The 1919 Reds had a record that was absolutely amazing. Their .686 winning percentage was the highest for a Cincinnati team in the 20th century and only .002 behind the 1882 American Association title-winning Cincinnati Red Stockings. That means that, yes, in winning percentage, the 1919 Reds were better than even the 1975 Big Red Machine that went 108-54 (.667 winning percentage). It was the second-best winning percentage of the 1910s (behind only the 1912 Red Sox, who went 105-47 for a .691 winning percentage) and no team would have a winning percentage higher than it again until the 1927 Yankees, which many historians consider the greatest team of all-time.
The 1919 Reds had one of the top 25 winning percentages in Baseball history since 1900. By comparison, the 1919 White Sox were just 88-52 for a .629 winning percentage. The White Sox record was inferior to the Reds by a fair amount. I know the National League was looked down upon by a lot of the country and the American League was considered the far superior league, but the Reds record should have been very hard to ignore by the so-called experts.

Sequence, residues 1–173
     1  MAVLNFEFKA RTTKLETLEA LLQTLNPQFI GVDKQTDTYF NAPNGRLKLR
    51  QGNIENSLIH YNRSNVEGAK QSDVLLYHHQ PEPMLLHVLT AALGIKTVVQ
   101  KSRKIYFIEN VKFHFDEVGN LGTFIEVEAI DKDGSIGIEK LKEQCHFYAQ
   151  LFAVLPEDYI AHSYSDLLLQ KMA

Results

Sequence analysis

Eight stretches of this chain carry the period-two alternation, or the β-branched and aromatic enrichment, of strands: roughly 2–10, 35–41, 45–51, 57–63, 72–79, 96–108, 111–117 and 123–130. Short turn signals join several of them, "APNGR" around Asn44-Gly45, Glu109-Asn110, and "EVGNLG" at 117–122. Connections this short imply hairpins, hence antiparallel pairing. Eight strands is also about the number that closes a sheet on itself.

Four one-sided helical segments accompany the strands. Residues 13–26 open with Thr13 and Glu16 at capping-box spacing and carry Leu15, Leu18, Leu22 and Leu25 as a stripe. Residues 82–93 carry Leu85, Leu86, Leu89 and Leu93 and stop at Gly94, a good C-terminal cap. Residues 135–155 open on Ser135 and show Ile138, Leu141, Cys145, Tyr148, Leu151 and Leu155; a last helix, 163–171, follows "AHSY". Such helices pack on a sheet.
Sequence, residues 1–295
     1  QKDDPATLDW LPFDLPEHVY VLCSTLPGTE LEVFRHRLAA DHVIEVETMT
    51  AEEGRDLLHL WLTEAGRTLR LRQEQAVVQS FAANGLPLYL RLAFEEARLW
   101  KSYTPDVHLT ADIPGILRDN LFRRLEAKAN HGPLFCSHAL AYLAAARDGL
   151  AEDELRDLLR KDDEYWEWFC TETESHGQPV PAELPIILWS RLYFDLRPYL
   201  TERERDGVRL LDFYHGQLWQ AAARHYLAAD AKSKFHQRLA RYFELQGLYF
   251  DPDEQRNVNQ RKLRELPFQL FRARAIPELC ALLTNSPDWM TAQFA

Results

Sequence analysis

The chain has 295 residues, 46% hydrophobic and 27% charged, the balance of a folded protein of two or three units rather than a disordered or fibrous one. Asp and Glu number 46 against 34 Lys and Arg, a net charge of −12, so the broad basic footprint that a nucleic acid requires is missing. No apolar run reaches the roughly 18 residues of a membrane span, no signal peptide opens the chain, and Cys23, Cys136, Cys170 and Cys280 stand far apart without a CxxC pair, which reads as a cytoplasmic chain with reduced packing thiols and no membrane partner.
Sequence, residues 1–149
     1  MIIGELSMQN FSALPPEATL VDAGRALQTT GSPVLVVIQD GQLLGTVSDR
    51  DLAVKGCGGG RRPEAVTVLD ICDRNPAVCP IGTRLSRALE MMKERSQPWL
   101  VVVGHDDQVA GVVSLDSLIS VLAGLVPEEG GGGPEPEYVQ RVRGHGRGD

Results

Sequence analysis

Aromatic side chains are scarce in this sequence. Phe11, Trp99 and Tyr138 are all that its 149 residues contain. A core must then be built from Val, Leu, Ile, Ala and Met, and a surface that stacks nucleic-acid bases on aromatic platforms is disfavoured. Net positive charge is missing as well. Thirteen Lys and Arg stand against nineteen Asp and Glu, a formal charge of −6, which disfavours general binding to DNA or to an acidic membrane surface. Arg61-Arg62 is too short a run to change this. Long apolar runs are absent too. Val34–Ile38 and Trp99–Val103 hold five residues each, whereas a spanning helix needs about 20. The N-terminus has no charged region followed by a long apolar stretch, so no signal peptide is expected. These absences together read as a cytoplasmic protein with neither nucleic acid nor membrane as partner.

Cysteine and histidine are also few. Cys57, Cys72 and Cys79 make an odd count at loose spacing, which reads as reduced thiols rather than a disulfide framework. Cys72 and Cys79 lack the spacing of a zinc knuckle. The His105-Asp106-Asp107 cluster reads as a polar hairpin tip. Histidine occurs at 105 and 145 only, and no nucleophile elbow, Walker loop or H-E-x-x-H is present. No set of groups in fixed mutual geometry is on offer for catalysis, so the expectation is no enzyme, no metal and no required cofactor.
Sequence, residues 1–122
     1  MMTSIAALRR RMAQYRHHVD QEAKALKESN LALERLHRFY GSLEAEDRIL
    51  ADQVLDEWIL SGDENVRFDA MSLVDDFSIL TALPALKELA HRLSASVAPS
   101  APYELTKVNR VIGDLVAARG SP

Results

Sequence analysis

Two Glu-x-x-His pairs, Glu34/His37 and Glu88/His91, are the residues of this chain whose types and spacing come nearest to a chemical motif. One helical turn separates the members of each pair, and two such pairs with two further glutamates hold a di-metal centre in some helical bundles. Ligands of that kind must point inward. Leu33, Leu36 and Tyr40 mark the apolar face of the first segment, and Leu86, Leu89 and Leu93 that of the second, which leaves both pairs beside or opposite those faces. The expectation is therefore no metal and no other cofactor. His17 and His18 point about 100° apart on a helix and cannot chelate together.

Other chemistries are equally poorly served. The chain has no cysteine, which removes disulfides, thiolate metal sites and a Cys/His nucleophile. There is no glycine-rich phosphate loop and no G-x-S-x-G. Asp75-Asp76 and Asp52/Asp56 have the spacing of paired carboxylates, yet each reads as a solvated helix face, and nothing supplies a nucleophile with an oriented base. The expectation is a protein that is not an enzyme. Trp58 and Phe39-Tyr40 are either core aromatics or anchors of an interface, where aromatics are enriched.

In the second half of the 1919 season, the Reds were an outstanding 47-19, a .712 winning percentage. By comparison, in the White Sox second half of games, their record was 41-27, a .612 winning percentage, once again well below the Reds. Plus the Reds ran away with the National League and they were destroying the competition when most teams would have just been preparing for the upcoming World Series.
Defense, it is said, wins championships and especially when it comes to pitching in baseball. The Cincinnati Reds had a better pitching staff than the Chicago White Sox and that fact to me at least in undisputed. The Reds staff topped the Sox in ERA, hits allowed/9, walks allowed/9, (WHIP)–and had a better FIP (Fielding-Independent Pitching). While the White Sox were superior in some traditional statistics like strikeouts, when you look at deeper statistics, the Reds clearly had a stronger staff.